How to Train a Dragon

One of the subjects that has most interested me since my first days of involvement, and especially now as NASA’s director of mentoring, are the beginners and the broad spectrum of attitudes they bring to the track when first getting started. Many times I have found myself sitting in on various levels of HPDE download sessions listening to the various thoughts of what each of them feels about his or her first day. For the most part they are excited and eager to learn and, even better, is the fact that NASA’s HPDE instructors are equally as excited and willing to teach.

NASA is far from my first rodeo, and based on my personal race history, I have found NASA’s instructors not only willing to teach, but equally as important, they have qualifications that exceed most of the teaching staff found in other groups and organizations offering track time and instruction.

Years ago while studying at Stanford University, I knew Dr. Norman Shumway, who was the first doctor to successfully perform a heart transplant in the United States. He once told me that the basic way doctors get an education is, “Watch one, do one, teach one.” History tells us that back in the day, heart surgery was not well tested, let alone very successful. Today it’s not at all uncommon to hear of someone who had open heart surgery just a few weeks ago and is now enjoying life in the fast lane again.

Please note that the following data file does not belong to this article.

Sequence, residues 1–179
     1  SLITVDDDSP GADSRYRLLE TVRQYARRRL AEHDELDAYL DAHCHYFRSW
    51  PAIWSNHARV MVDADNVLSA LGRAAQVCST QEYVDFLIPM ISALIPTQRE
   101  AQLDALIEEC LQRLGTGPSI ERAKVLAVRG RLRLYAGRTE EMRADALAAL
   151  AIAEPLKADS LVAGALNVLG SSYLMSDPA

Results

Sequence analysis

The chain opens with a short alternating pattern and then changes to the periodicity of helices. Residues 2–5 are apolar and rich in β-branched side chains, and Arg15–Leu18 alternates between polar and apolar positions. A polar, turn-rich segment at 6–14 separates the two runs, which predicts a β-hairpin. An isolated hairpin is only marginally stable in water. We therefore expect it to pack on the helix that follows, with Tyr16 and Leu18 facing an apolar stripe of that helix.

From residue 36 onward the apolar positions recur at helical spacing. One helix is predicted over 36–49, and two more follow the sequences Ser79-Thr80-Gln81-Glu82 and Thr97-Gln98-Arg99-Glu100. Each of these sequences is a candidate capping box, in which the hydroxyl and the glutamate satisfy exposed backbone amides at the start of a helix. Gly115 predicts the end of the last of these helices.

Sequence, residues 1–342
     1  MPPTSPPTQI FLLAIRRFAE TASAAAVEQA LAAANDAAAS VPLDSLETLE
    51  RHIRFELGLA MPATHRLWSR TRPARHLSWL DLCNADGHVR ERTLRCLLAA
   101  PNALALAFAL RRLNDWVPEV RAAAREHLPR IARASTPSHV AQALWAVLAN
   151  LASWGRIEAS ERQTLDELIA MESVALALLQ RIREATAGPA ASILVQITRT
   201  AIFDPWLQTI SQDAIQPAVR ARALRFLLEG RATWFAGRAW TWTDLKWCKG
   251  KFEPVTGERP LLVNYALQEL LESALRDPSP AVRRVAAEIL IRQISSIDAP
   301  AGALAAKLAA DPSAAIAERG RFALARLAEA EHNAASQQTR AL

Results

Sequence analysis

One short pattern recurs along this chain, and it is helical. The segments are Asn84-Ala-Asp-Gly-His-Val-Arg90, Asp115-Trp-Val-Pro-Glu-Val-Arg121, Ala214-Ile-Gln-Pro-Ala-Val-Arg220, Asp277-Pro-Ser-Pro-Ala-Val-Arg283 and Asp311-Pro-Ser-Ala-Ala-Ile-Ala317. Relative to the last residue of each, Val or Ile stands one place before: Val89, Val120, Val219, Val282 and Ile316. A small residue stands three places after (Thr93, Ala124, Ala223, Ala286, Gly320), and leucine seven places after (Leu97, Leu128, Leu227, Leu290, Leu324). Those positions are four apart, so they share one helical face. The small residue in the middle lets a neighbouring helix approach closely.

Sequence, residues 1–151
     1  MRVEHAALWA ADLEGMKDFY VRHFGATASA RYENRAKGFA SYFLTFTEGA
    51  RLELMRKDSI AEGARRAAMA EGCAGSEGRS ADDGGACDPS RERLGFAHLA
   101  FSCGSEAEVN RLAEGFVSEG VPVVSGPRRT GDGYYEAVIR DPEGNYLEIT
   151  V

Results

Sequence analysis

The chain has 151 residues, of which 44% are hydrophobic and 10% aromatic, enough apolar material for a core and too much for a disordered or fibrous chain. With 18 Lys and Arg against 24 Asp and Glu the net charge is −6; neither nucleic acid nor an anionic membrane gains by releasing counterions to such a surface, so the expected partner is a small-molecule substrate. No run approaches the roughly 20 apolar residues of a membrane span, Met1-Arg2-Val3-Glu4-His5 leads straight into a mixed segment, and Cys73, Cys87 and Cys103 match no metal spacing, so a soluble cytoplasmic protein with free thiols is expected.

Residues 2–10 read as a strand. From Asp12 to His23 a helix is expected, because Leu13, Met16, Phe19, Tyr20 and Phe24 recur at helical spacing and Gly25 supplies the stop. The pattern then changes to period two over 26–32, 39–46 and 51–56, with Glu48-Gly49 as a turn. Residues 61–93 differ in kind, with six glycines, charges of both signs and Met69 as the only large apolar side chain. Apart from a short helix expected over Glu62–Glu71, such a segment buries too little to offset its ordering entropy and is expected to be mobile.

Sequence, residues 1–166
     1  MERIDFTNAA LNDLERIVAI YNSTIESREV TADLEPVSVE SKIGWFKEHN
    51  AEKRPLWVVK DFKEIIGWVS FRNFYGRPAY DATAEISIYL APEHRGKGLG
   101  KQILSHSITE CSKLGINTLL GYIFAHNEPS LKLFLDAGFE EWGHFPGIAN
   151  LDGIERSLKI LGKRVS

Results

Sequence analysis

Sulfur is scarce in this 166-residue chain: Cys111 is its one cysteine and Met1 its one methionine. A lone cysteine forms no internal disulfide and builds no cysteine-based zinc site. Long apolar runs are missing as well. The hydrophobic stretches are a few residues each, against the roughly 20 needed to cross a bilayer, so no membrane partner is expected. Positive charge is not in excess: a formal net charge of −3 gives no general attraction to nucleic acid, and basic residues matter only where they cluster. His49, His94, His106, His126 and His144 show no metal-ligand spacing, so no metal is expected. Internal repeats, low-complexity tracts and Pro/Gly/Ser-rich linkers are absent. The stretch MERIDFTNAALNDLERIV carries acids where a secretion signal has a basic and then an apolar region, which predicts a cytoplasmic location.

I have come to realize that NASA has discovered the same method of success as Dr. Shumway. Watch one, do one, teach one. The entire NASA system not only works, but it also works with great success. Many HPDE students continue learning and enjoying what they do, much like a fraternity of medical students, until they find themselves operating on a race track and, yes, eventually finding themselves teaching a newer generation of students. No pun intended, but you might say NASA’s students are the heart of what we all know and love as one of the greatest grassroots sports in America.

It is well known that many of the finest drivers in motorsports today got their beginnings in kart racing. The main reason many of these drivers have excelled is simply because they were exposed to good equipment and brilliant coaching before they learned many bad habits. A young student who is eager to learn will achieve good driving skills and habits much faster than some know-it-all, better known as a “dragon,” who has been street racing without proper coaching. Good instructors have heard it countless times, “Well, that’s not the way I do it.” Good students never argue. They listen, they do as they are told and they learn. I have said it many times. First-time drivers and the women make some of the best students. They never doubt, they never hesitate and they do as they are instructed. The end result is a faster, safer and more confident driver and, in my mind, NASA is without a doubt the best place to “watch one, do one, teach one.” See you at the track.

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